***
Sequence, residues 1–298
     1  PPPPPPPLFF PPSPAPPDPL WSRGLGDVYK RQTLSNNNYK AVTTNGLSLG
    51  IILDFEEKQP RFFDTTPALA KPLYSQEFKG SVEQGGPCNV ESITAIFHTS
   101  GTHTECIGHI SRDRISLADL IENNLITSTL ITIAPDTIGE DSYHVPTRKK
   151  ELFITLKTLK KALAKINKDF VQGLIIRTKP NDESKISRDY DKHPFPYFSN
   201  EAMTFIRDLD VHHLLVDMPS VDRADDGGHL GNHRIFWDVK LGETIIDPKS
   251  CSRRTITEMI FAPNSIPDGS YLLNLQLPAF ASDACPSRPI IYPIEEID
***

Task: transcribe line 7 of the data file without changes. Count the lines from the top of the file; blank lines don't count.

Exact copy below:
   251  CSRRTITEMI FAPNSIPDGS YLLNLQLPAF ASDACPSRPI IYPIEEID